Cornwall Council in £500,000 infant meals shortfall

Infant children queue for lunch
Image caption From this term all four to seven year olds in English state schools will be entitled to free school meals

Cornwall Council was left more than £500,000 short of funding to provide free schools meals for infants, it has emerged.

The authority said it spent £1.4m upgrading kitchens but received £847,000 from the government.

But the Department for Education (DfE) said it had also provided £616,000 to help small schools pay for catering staff.

The council met the shortfall from a surplus in other education funding.

The DfE said the authority had received "significant financial support" for the meals for four to seven year olds.

The council upgraded the kitchens at 112 of its 236 primary schools.

Three schools will be providing packed lunches for the next two to three weeks while work continues and 12 will have a reduced menu until work can be carried out in October half term.

'Lowest figure'

A DfE spokesperson confirmed the Liberal Democrat/Independent-controlled council had received £847,000 of capital funding to help upgrade kitchen and dining facilities.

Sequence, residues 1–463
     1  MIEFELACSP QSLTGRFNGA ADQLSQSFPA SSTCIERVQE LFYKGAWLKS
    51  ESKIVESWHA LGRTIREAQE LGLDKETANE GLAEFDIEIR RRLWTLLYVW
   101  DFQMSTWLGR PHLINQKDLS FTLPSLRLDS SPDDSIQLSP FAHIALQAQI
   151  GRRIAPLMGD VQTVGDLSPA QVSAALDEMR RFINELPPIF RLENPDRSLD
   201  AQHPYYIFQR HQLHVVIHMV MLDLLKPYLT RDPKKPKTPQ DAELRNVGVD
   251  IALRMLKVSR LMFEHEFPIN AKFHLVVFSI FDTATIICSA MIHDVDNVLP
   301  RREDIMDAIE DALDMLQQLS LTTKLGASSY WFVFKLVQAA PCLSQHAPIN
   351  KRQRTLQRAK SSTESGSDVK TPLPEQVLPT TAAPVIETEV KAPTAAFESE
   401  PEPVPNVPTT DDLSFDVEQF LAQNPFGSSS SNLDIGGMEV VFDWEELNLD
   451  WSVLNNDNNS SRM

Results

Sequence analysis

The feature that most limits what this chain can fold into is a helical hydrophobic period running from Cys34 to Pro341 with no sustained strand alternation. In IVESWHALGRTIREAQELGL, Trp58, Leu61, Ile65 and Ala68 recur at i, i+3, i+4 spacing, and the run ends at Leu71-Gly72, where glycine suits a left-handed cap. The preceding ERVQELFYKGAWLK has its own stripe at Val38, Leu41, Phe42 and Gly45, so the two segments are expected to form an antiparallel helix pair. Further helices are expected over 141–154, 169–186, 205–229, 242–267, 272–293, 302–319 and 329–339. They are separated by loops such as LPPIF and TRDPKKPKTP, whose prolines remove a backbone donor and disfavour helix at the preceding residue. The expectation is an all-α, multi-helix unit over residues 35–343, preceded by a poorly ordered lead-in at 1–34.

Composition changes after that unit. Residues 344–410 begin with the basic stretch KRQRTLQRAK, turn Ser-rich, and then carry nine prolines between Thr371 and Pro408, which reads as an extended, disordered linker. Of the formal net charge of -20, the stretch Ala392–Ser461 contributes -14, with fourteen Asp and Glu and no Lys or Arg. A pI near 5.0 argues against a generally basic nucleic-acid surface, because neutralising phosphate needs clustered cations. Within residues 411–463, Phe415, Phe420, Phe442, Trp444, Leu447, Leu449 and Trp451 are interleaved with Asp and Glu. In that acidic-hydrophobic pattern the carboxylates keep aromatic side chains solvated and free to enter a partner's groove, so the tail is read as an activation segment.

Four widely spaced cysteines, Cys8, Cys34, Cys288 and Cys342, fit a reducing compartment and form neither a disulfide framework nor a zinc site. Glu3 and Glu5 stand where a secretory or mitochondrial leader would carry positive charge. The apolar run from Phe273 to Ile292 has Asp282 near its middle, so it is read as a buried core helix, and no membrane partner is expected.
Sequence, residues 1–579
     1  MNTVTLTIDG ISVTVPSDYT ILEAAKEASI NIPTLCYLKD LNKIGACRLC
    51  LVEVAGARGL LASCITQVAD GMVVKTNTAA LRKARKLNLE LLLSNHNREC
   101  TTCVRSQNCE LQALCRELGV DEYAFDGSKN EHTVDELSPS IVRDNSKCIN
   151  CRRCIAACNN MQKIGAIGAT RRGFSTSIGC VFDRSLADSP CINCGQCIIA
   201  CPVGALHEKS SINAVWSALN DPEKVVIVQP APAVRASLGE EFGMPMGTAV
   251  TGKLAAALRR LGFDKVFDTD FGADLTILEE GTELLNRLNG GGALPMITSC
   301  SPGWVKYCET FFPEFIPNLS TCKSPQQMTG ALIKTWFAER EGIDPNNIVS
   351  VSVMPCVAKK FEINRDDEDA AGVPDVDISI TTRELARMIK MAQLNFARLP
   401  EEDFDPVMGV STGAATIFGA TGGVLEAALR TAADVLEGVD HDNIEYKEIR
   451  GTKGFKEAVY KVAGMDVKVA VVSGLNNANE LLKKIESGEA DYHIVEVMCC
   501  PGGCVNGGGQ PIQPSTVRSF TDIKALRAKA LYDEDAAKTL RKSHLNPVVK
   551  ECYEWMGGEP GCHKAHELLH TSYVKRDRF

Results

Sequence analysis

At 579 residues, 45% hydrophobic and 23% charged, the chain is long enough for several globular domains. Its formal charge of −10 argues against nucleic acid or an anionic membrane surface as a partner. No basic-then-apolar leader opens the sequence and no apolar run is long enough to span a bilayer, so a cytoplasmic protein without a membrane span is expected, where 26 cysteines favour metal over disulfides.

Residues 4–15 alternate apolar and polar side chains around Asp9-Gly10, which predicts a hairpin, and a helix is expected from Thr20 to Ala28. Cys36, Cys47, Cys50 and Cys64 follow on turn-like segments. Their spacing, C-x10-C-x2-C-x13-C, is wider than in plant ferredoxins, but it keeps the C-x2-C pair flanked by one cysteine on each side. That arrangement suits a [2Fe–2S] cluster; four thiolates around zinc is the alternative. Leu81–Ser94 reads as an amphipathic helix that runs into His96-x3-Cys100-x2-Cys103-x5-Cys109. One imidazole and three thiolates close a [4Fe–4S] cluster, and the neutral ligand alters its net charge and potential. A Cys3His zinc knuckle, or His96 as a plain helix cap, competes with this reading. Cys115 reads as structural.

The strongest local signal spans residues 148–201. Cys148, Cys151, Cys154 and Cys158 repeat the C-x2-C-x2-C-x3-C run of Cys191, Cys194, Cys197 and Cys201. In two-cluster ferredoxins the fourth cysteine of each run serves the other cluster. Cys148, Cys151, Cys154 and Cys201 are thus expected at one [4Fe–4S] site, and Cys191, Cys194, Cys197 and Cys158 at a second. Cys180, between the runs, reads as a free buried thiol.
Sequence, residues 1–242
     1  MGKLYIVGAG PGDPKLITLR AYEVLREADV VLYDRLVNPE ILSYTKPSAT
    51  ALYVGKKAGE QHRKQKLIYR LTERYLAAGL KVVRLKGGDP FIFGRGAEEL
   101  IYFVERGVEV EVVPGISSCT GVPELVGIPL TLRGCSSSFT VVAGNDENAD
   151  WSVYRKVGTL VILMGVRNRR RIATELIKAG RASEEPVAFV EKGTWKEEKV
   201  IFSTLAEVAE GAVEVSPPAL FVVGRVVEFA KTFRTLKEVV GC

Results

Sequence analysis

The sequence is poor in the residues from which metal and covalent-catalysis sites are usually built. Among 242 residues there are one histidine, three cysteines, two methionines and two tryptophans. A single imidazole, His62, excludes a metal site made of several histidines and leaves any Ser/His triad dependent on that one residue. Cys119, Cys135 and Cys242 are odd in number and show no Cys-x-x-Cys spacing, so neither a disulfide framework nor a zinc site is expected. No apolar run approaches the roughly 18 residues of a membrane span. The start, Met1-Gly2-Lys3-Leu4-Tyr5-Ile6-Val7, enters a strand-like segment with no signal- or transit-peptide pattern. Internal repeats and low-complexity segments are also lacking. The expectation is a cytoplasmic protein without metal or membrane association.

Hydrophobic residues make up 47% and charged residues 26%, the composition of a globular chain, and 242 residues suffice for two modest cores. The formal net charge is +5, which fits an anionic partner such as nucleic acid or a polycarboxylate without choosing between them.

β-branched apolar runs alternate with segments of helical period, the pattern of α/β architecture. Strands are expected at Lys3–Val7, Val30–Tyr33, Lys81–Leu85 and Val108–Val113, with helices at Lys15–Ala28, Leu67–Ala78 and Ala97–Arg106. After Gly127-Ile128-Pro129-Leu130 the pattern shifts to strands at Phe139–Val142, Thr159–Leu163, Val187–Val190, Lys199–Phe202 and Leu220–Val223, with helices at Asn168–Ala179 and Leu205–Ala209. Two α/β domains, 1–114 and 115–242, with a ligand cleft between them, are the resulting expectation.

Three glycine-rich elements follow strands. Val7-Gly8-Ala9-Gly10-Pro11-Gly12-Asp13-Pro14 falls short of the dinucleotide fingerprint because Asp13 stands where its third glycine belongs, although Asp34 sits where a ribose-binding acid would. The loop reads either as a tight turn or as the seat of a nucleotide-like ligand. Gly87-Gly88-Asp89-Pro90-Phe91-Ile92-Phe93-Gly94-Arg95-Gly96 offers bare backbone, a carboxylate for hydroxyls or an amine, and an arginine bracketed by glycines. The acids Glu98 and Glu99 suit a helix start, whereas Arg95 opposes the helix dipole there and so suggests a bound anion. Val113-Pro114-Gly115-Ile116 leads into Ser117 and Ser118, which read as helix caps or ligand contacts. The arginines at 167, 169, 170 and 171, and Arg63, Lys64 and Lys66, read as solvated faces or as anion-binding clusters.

It said the authority had also received the £616,000 to help small schools, those with under 150 pupils, pay for extra catering staff.

A spokesperson said: "Providing infant free school meals will help children do better in school, as well as helping them to eat more healthily while saving hardworking taxpayers up to £400 a year."

Councillor Andrew Wallis, Cabinet member for schools, said: "We surveyed our kitchens and we knew the work that had to be done to deliver it.

"They worked out the funding based on the number of pupils.

"We went back and said it was not enough. It was costed and properly done.

"We delivered 112 kitchens and we did it on time and on budget. That was the lowest figure we could have done it for."

He said £616,000 for staffing was not allowed to be spent on capital spending on the kitchens and it was given directly to the schools, not the local authority.

More on this story

Related Internet links

The BBC is not responsible for the content of external Internet sites